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A Brief Guide To The Main Religious Beliefs In Hong Kong

The multicultural population of Hong Kong consists of various communities that have their own beliefs and ideologies. The Chinese community, which forms the majority of the population, has three main religions – Confucianism, Taoism and Buddhism. The other major religious communities in Hong Kong include the Christians, Muslims, Jews, Hindus and Sikhs. This diversity is also evident in the city’s architecture. There are Buddhist, Taoist, Hindu and Sikh temples, churches, mosques and synagogues. Religious diversity is also celebrated in the form of festivals. Here is a brief guide to the main religious beliefs in this cosmopolitan city.Taoism and Confucianism
Much of the population of Chinese descent in Hong Kong practices the Taoist and Confucian beliefs. There are nearly a million Taoists, according to official statistics. This religious philosophy is rooted in the concept of union with the Tao, the name accorded to the principle of nature. Some of the famous Taoist temples in Hong Kong include the Wong Tai Sin Temple in Kowloon, which is dedicated to Wong Tai Sin, a Chinese deity.

Confucianism is the philosophy drawn from the teachings of Confucius, a Chinese teacher, editor, politician, and philosopher who lived during the period 551 to 479 BC. It gives great emphasis to traditions and rites and teaches a moral code for human relations. Hong Kong has a number of schools that impart Confucian teachings. One of the biggest festivals in Hong Kong is the birthday of Confucius, celebrated on the 27th day of the eighth month of the lunar calendar.

The Po Lin monastery is a popular landmark in Hong Kong, which houses a giant bronze Buddha statue. This is the largest outdoor-seated statute of the Buddha in the entire world. Hong Kong has about 1.5 million Buddhists, and Buddhist organizations and temples play an active role in education and social welfare activities. The Birthday of the Buddha, also called the Buddha Bathing Festival, carries a great deal of spiritual importance in Hong Kong.

Christian churches are considerably involved in education in Hong Kong, with many churches also running affiliated schools. There are also hospitals, clinics and old-age homes linked to some churches. Roman Catholic churches conduct masses in Cantonese, English and Tagalog. There are approximately 480,000 Protestants living in Hong Kong and some of the major denominations include Adventists, Anglicans, Lutherans, members of the Church of Christ in China, Methodists and the Salvation Army. Hong Kong also has about 22,500 recorded members of The Church of Jesus Christ of Latter-day Saints as of 2013.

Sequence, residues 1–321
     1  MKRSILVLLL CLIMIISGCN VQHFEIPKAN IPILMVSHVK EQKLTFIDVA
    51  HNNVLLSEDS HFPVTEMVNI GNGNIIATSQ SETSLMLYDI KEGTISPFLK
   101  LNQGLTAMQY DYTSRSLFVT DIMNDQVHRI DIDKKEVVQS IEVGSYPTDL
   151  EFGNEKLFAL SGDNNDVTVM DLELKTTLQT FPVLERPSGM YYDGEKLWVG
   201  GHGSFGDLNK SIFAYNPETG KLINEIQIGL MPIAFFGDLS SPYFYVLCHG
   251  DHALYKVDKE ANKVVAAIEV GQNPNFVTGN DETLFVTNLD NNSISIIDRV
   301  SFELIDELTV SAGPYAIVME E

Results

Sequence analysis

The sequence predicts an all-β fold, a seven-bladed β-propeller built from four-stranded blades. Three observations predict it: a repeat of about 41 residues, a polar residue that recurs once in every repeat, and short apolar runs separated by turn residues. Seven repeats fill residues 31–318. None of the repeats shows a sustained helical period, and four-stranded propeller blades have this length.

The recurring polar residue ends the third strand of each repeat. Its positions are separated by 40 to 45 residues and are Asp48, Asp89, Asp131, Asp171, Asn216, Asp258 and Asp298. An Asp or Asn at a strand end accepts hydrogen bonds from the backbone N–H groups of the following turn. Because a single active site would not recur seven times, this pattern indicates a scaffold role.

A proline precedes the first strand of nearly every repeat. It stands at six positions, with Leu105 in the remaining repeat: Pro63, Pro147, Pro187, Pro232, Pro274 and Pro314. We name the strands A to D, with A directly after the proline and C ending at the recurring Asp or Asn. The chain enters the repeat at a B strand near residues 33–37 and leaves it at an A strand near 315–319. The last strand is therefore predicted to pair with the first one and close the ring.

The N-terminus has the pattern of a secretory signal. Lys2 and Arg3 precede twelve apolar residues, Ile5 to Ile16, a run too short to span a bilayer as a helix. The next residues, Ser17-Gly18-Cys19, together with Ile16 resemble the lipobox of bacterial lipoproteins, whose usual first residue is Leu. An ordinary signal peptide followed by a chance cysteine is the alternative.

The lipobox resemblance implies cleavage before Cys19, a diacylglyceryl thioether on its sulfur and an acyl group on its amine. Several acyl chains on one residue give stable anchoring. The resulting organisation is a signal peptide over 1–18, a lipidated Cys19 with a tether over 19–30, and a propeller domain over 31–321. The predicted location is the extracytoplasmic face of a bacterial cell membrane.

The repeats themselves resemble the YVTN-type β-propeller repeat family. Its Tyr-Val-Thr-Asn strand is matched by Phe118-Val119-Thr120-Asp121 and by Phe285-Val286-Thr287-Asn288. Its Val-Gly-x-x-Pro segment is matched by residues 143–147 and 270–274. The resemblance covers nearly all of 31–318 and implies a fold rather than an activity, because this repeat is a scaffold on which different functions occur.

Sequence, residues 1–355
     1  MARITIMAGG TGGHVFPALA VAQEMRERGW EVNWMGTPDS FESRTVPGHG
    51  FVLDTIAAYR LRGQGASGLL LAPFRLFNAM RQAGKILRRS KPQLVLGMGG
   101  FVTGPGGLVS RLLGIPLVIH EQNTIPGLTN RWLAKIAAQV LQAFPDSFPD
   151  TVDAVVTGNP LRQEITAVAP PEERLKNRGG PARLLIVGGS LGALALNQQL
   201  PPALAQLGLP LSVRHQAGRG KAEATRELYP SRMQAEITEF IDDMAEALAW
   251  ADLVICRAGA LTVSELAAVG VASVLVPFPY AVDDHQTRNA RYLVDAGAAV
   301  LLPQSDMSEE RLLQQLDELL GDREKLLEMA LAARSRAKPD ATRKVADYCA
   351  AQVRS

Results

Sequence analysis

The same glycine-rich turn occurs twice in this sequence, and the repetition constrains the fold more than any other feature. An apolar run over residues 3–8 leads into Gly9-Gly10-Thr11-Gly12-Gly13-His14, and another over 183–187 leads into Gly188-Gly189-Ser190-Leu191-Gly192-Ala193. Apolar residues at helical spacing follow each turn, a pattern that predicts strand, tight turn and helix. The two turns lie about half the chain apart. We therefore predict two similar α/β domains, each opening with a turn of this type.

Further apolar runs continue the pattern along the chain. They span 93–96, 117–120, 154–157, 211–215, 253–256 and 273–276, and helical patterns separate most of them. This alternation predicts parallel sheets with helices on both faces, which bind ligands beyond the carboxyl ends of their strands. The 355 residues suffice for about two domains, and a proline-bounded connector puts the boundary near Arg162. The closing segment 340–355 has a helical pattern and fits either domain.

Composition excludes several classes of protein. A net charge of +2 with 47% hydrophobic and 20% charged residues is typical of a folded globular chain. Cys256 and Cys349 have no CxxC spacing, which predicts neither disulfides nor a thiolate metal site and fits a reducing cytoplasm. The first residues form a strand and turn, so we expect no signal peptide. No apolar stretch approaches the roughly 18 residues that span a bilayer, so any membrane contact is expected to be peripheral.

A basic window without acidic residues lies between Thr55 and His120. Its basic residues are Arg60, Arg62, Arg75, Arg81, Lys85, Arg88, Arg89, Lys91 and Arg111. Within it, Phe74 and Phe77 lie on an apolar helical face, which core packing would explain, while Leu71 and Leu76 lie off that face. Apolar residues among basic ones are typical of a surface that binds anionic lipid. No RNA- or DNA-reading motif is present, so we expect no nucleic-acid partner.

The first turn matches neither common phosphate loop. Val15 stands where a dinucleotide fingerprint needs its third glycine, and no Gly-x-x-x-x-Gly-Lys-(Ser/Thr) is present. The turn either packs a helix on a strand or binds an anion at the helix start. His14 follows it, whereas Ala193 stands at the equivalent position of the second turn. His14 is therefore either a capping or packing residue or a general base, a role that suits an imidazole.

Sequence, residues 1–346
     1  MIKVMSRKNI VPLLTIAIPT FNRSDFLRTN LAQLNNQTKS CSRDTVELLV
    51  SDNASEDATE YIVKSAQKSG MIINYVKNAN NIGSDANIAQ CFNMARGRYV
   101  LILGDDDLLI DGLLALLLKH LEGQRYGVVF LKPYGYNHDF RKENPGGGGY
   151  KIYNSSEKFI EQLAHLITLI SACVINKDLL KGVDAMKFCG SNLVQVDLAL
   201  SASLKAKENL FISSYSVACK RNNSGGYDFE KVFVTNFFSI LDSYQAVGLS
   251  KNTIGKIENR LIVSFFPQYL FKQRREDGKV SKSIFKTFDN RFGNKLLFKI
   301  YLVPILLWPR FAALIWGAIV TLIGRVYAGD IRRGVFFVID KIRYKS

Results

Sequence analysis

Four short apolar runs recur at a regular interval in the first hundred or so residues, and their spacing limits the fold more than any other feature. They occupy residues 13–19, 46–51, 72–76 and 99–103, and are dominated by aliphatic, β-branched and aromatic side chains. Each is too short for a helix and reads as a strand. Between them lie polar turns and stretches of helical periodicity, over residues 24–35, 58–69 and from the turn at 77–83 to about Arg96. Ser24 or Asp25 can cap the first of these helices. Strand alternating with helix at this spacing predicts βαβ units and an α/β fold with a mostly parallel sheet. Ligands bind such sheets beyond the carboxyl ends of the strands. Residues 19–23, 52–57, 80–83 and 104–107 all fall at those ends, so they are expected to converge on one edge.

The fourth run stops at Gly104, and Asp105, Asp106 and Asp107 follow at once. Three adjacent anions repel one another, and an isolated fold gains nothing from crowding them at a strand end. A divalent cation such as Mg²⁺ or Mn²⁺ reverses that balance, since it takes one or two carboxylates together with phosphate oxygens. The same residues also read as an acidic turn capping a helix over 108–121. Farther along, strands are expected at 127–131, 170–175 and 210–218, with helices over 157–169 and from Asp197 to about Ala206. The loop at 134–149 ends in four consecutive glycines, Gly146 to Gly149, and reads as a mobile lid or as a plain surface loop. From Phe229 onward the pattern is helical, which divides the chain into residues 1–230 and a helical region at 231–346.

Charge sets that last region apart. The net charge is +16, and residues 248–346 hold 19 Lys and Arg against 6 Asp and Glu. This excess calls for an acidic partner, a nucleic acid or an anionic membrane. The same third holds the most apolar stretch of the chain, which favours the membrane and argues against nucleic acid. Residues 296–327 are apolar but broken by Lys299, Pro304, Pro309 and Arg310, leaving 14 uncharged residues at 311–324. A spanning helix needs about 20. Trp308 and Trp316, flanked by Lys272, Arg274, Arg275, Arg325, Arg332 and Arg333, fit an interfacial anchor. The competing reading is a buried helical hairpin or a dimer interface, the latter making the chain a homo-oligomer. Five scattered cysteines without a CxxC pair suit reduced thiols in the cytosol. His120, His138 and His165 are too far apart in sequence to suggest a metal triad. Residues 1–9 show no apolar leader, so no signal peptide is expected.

The Muslim community in Hong Kong consists of locals and recent immigrants from the Middle Eastern countries, Malaysia, India and Pakistan. The oldest mosque is the Shelley Street Mosque. Mosques, Muslim cemeteries and other religious affairs are managed by the Incorporated Trustees of the Islamic Community Fund of Hong Kong. The Muslim community carries out charitable work such as educational assistance, medical care and financial aid for the poor.

The Hindu community in Hong Kong is composed mainly of immigrants from India. The community has approximately 40,000 members and their main place of worship is the Hindu temple in Happy Valley. Worship and meditation is conducted here and Hindu festivals are also celebrated. It also serves as a community center with activities like spiritual discourses and yoga classes for the local community.

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Hong Kong’s Jewish community consists of people from various different parts of the world. The main places where Jews congregate include the Ohel Leah Synagogue and the Chabad Lubavitch Shul, where daily services are conducted, and the United Jewish Congregation of Hong Kong where Sabbath and festivals are celebrated. The Carmel School Association imparts Jewish education and the Jewish Community Center is the main social and recreational organization that serves the Jewish community.

The Sikh community was created when members of the British Armed Forces came to Hong Kong from Punjab, India, in the 19th century. There are approximately 10,000 Sikhs in the city today. The main days of religious significance for the Sikh community include the birthdays of Guru Nanak, the founder of the religion, and of Guru Gobind Singh, the 10th Guru. Like all Sikh temples, the gurdwaras in Hong Kong provide free meals and short-term accommodation to visitors.

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